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  • Burning Mrs. Southworth:True Womanhood and the Intertext of Ellen Glasgow's Virginia
  • Paul Christian Jones

Near the beginning of the novel Virginia, Ellen Glasgow's 1913 study of the southern lady, the reader is presented with an intriguing scene wherein young Susan Treadwell tells her friends, including the novel's title character Virginia Pendleton, of the arrival of her cousin Oliver, who has been in Europe for his studies and has now come to stay with the Treadwell family in the small Virginia town of Dinwiddie. At twenty-two, Oliver is said to have his head "full of all kinds of new ideas he picked up somewhere abroad" (9). Among these ideas is his commitment to pursuing a literary career, specifically as a playwright, rather than accepting a position from his uncle in the family bank. A firm believer in the power of literature, Oliver is convinced that as a writer he can make a difference in the world, and "he talks for hours about art and its service to humanity" (18). Susan tells her friends that Oliver is particularly disappointed in the Treadwell family library and "laughs at every book he sees in the house" (19). He immediately becomes an advocate for improvements in the family's reading habits. On one occasion, when he overhears Susan's mother offering her seamstress, Miss Willy Whitlow, one of E. D. E. N. Southworth's novels to take home to read, he sarcastically asks his aunt how she can "allow such immoral stuff in her room" and encourages Miss Willy instead to reject Southworth's work in favor of more worthwhile reading, [End Page 25] namely John Stuart Mill's Essay on Liberty (19). Because Mrs. Treadwell so values her nephew's opinions and "would make a bonfire of her furniture if he asked her to do it," she responds to his criticism by "burn[ing] all of Mrs. Southworth's [books] that she had in the house" (19).

E. D. E. N. Southworth (1819-1899) was one of the best-selling of the phenomenally successful nineteenth-century female novelists often known as the "scribbling women" because of Nathaniel Hawthorne's well-known criticism of the group. Published between the 1850s and 1880s, her fifty or so novels were sentimental and often incredible accounts of women's struggles in the antebellum South, most frequently on plantations in Virginia and Maryland. Little scholarly attention has been given to Glasgow's commencing her novel's ironic treatment of "both the Southern lady and Victorian tradition" with the incineration of the work of this popular female literary predecessor (Certain Measure 79). While the reference to Mrs. Treadwell's reading and Oliver's literary snobbery can certainly be regarded as a fine touch of authentic detail, part of Glasgow's intention to make her collected novels a social history of Virginia, it also serves a larger role as an intertext to Glasgow's work. Southworth, her work, and the ideas that Glasgow's readers hold about that work function as what John Frow has called a "particular intertextual reference" leading the reader to the reconstruction of "the canonic structures against which [a] text is shaped" (157). In other words, observing how Glasgow employs this intertextual reference becomes crucial to the reader's appreciation of her novel's message. My argument in this essay is that Glasgow uses Southworth as a symbol of what she is trying to eradicate by writing Virginia, that is, the True Woman whose time has passed and the body of literature that helped to propagate True Womanhood as a cultural ideal for so many decades.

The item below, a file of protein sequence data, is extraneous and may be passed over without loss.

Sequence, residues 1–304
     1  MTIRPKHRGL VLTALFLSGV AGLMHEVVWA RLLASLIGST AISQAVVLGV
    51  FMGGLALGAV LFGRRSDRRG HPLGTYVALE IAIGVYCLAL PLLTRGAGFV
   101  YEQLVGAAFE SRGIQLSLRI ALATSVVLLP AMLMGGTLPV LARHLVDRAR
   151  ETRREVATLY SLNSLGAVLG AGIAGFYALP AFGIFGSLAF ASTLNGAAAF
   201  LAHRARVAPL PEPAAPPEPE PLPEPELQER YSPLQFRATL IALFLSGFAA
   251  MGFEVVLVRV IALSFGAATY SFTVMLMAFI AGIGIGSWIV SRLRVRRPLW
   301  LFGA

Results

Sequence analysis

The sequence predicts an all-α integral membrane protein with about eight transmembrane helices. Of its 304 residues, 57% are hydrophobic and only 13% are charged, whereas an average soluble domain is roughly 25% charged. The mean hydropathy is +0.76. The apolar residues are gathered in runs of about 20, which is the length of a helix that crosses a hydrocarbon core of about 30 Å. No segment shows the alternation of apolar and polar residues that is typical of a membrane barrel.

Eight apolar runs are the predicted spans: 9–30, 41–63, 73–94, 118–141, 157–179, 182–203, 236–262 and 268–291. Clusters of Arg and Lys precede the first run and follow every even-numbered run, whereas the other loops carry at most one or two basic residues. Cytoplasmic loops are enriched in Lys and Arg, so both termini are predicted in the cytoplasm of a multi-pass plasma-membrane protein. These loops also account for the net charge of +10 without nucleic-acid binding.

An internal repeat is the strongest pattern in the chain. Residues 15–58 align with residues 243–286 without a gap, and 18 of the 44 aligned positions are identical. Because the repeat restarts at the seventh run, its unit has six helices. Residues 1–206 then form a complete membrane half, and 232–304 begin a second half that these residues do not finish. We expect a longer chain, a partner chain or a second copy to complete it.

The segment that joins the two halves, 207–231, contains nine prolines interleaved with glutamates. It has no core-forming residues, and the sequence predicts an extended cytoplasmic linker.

Michael Riffaterre has conceived of intertextuality as "that form of reference experienced when the reader finds that a text presupposes another and that the latter provides the former with the means of interpreting it and of justifying its formal and semantic peculiarities" (2). Thus, the intertext is "another text . . . that shares its lexicon and its structures with the one we are reading" and that "represents a model on which the text builds its own variations" (2). This relationship depends upon "the reader's awareness of the structural variants—namely, the text's deviant versions of their...


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